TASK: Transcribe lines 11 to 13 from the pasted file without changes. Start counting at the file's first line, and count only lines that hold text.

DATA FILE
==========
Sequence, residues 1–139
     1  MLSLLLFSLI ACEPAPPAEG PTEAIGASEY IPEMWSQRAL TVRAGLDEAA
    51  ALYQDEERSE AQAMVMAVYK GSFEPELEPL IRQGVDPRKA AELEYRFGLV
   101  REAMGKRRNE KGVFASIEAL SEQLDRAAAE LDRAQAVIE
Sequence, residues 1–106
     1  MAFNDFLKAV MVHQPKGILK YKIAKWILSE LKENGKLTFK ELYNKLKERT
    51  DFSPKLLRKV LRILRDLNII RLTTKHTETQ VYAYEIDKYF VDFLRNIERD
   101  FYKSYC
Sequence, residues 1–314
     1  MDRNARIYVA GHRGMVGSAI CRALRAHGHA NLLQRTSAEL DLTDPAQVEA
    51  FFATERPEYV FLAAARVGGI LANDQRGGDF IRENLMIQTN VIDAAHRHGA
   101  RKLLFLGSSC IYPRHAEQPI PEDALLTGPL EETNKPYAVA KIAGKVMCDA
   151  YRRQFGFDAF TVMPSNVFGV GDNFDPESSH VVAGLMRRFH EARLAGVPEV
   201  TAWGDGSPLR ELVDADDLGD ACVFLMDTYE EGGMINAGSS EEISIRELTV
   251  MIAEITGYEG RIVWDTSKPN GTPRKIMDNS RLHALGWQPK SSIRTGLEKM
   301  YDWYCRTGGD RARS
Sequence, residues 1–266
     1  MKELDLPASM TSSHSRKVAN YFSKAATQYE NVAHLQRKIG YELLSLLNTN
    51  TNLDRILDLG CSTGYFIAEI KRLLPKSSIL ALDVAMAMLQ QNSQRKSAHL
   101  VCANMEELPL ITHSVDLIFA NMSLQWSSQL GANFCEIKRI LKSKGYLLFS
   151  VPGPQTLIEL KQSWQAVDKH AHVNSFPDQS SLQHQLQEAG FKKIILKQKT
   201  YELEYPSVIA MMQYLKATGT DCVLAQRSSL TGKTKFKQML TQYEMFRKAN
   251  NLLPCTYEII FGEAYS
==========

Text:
    51  FFATERPEYV FLAAARVGGI LANDQRGGDF IRENLMIQTN VIDAAHRHGA
   101  RKLLFLGSSC IYPRHAEQPI PEDALLTGPL EETNKPYAVA KIAGKVMCDA
   151  YRRQFGFDAF TVMPSNVFGV GDNFDPESSH VVAGLMRRFH EARLAGVPEV